Broccoli Need not be Boring! November 5, 2009

I don’t think broccoli itself is boring but we have it at least once a week – it’s the talk of health town.  It’s supposed to be rich in antioxidants, helping us ward off cancer.  It’s eating it once a week – steamed – that provokes this boring sentiment.  Aren’t all health foods somewhat boring anyway?

broco rice pilaf1

Which is why many cooks put on their creative caps to come up with different ways of eating this cruciferous vegetable.  You get plenty of casserole type recipes and Ms. Cheese is a frequent partner of Mr. Broccoli when they dance their way into the oven.  The broccoli and cheese pairing is also a great way to make kids eat it.  Try serving a four-year old plain steamed broccoli and you’ll get “arrrgh, gross!”

I found a recipe from the Dairy Farmers of Canada which was published in a Canadian Living Magazine newsletter I receive regularly.  The recipe is here:

At first I had doubts that this Broccoli Rice Pilaf would excite my taste buds but I’m glad I tried it.  So what’s the vote?  Is it a keeper or a pooper?

Keeper!  The recipe is now in my bulging binder and will be cooked again and again, especially during this winter.  This dish takes the boring out of broccoli and if you’re a rice lover like me, you’ll like the way it teases the palate.  It must be the combination of the grated cheese, rosemary, and rice that did it.  The first spoonful tells you that you’ll be back for seconds.  My brother had three huge servings. Despite the quantity that this recipe produced, it was devoured in no time.  I was hoping to eat it again on the second day, but by the time supper was over, platter was squeaky clean.  The next time, I’ll double the recipe.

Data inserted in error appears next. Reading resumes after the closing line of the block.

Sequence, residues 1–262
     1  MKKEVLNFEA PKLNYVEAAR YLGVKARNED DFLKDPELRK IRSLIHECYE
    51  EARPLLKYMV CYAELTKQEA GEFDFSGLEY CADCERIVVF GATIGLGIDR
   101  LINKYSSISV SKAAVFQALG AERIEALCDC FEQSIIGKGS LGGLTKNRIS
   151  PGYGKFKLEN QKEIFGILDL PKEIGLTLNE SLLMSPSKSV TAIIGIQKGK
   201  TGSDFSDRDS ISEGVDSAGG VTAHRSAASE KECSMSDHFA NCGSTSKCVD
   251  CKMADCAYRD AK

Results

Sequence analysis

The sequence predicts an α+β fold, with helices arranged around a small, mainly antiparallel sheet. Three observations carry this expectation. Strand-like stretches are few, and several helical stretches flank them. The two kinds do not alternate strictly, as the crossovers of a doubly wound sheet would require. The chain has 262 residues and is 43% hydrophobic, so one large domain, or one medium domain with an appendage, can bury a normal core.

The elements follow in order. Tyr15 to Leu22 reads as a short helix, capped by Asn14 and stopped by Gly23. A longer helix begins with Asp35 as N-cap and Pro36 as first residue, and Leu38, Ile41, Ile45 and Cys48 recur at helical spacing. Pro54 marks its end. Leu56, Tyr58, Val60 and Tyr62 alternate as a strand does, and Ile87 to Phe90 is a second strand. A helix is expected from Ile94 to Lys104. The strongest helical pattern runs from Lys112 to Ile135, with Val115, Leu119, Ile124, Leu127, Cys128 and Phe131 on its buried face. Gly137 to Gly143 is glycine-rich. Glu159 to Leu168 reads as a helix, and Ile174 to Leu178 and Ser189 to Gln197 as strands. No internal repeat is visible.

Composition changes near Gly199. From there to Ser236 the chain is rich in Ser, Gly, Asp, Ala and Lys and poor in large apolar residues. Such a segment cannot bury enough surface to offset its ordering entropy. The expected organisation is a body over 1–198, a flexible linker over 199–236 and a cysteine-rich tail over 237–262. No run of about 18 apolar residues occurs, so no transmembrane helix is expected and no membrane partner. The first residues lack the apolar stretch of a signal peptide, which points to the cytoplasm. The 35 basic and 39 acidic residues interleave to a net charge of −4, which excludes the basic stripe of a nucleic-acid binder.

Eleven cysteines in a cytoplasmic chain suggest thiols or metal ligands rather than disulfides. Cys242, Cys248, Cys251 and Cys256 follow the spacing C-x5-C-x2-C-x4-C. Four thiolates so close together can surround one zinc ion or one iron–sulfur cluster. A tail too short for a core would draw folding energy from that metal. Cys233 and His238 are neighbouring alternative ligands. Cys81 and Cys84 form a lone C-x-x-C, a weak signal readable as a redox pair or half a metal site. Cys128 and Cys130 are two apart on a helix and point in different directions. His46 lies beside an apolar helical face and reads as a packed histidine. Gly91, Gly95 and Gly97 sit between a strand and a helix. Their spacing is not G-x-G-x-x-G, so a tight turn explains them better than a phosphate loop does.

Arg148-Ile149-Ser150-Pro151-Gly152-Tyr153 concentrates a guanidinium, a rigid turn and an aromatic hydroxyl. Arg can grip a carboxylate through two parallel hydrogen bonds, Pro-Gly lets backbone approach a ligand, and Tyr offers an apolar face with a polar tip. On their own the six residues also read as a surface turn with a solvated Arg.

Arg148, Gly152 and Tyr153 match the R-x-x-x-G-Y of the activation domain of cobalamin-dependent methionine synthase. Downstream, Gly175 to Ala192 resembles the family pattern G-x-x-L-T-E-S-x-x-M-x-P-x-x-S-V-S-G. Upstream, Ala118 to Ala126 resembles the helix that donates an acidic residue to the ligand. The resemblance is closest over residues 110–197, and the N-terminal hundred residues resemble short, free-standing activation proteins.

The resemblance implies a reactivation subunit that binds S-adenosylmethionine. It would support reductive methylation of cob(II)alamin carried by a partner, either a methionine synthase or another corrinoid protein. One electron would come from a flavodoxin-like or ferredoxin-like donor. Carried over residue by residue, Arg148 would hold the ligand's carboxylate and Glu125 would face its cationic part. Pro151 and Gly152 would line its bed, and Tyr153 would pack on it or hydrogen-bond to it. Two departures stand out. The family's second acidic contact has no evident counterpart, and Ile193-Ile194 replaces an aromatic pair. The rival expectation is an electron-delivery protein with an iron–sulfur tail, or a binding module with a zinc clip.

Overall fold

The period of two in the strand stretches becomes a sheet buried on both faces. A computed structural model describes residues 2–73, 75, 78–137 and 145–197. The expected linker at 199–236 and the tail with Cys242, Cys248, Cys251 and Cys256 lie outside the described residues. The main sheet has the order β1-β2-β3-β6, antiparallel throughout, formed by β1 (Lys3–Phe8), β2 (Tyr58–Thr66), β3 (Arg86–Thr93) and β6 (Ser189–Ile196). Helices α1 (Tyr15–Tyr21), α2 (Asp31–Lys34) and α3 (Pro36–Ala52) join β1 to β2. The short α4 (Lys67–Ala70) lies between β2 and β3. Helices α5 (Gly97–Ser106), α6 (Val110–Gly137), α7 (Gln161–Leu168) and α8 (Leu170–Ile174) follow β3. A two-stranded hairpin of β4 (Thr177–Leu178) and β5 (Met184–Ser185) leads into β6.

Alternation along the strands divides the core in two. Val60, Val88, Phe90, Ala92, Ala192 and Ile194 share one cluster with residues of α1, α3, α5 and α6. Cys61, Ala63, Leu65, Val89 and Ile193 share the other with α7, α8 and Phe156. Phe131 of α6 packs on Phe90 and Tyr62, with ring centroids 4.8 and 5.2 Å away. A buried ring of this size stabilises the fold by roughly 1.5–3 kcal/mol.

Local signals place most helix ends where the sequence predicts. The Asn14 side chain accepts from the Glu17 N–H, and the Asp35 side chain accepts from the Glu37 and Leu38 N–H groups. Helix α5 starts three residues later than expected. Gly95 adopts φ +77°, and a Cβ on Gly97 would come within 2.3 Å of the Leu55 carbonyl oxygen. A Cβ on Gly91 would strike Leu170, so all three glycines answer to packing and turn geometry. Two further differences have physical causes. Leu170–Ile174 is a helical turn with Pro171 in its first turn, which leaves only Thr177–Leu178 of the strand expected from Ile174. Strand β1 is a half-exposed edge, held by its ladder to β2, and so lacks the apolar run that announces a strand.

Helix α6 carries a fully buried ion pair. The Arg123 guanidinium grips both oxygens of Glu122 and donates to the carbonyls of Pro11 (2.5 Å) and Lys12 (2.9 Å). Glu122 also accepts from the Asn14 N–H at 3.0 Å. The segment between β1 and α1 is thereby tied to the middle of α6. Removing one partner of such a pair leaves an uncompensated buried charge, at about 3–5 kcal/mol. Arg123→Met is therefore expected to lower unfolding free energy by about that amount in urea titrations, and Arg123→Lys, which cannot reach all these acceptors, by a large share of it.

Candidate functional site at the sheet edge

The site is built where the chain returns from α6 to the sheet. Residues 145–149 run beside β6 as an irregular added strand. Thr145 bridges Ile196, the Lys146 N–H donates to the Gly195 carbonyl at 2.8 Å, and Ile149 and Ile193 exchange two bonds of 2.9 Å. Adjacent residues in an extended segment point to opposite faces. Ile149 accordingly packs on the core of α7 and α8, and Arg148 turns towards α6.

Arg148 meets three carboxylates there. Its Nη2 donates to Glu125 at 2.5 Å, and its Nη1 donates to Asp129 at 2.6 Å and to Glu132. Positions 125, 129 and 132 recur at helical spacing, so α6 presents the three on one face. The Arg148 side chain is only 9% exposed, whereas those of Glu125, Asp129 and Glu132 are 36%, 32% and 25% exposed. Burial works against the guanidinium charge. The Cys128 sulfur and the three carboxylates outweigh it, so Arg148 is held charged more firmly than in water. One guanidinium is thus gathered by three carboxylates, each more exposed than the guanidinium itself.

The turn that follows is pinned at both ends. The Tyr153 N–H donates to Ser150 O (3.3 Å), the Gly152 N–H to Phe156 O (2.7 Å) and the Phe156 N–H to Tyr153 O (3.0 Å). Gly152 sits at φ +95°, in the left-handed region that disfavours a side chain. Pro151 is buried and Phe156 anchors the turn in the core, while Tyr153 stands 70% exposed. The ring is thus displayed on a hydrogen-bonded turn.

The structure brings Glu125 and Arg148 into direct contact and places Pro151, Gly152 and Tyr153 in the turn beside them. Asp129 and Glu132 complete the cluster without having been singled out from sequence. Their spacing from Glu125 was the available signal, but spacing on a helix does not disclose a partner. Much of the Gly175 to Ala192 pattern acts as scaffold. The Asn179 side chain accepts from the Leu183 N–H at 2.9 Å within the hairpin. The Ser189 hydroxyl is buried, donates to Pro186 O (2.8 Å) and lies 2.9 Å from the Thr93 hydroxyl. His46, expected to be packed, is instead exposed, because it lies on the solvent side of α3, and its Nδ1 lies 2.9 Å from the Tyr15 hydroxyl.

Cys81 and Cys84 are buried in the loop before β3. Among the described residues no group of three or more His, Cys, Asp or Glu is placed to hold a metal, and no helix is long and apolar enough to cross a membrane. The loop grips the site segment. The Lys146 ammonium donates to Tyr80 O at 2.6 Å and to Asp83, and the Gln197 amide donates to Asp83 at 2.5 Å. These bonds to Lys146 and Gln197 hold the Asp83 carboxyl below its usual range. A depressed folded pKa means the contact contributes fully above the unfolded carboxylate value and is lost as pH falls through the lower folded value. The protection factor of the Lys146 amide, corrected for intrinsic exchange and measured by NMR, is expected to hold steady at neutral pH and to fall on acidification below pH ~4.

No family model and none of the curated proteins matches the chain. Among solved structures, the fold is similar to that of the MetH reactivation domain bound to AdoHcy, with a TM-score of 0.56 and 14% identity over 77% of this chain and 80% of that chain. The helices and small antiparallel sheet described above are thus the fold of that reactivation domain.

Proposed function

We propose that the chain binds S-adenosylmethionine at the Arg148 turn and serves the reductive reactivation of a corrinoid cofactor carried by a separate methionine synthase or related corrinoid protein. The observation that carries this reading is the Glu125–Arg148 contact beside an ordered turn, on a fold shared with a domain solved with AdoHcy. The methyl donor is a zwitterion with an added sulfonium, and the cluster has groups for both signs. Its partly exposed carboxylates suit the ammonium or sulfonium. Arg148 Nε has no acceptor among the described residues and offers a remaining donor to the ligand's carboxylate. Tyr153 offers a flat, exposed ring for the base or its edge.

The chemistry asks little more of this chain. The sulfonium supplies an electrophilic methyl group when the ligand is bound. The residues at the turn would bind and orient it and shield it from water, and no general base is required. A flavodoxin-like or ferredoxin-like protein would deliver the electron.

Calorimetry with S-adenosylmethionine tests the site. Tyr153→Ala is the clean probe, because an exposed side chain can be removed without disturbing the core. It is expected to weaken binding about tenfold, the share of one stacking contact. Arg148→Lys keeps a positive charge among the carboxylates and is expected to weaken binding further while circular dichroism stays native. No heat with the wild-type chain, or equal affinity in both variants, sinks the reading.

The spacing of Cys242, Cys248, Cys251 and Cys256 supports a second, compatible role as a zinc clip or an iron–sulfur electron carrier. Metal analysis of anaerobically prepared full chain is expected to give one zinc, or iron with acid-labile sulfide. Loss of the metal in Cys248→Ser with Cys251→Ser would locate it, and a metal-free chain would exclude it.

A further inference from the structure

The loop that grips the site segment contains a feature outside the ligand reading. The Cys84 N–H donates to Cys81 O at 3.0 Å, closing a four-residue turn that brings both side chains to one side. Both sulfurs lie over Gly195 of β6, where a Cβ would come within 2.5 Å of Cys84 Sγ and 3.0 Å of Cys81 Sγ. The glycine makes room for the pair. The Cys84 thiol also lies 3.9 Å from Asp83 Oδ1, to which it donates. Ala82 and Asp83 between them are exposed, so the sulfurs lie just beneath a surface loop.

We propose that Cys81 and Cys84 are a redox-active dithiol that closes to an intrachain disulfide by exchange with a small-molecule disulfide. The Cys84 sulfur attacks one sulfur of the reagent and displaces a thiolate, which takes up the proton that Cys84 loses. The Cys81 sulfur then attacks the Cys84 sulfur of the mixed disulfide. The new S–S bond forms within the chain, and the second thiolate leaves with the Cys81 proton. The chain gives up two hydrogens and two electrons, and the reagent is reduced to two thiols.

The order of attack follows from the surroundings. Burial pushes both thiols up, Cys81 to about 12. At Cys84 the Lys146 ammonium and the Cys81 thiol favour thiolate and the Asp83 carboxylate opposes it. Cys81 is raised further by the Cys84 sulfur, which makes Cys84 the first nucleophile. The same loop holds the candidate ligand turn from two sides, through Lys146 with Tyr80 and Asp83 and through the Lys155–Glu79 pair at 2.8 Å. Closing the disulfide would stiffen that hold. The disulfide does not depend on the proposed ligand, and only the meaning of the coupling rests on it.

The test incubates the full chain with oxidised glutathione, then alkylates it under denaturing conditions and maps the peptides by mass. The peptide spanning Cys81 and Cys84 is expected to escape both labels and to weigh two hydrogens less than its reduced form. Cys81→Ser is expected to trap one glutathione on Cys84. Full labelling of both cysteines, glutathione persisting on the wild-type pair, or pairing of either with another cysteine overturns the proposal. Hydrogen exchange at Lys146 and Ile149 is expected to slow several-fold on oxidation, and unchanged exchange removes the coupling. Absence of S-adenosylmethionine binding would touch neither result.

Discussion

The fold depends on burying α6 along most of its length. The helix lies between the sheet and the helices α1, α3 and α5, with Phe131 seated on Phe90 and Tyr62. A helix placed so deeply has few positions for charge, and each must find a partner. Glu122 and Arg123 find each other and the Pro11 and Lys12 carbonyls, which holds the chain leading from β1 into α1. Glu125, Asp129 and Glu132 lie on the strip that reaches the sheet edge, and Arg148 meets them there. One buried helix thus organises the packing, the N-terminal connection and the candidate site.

Two things I would change: 

  • instead of the 1 cup hot water in the recipe, I would increase that to 1-1/2 cup (I found that after about 10-12 minutes, the liquids (you also add 2 cups of chicken or vegetable broth) are absorbed quickly, even in medium heat.
  • instead of the 15-minute simmering time, I’d reduce that to 12 minutes.

The first step is to mix the butter, carrots, onions, rosemary, salt and pepper in a large pan for five minutes; you then add the rice, making sure the grains are well coated.

broc rice pilaf2 The rest of the recipe is easy (complete recipe is given in the link above – prep time 15 minutes, cook time 30 minutes).  If you’re serving it to guests, by the way, it would look nice on a plain colored platter.  In the picture above, I used a decorative platter.  Big mistake.  It clashed with the dish’s colors.  For the sake of good photography, I’d use a one-color serving platter for dishes that bring out a lot of colors. 

I think this broccoli rice pilaf dish would look festive against a black platter but I don’t have one.  I’m having guests from Toronto during the holidays and this recipe’s a good candidate for the menu so I just might run out and get myself one of those gleaming, all-black serving dishes.

Do visit the web site of Canadian Living Magazine –  They have a genuine variety of recipes that are well presented (prep and cooking times are provided along with nutritional information and tips for each dish).  I was also curious about the Dairy Farmers of Canada web site and I will use only one word to describe it:  sassy!  I’ve bookmarked it.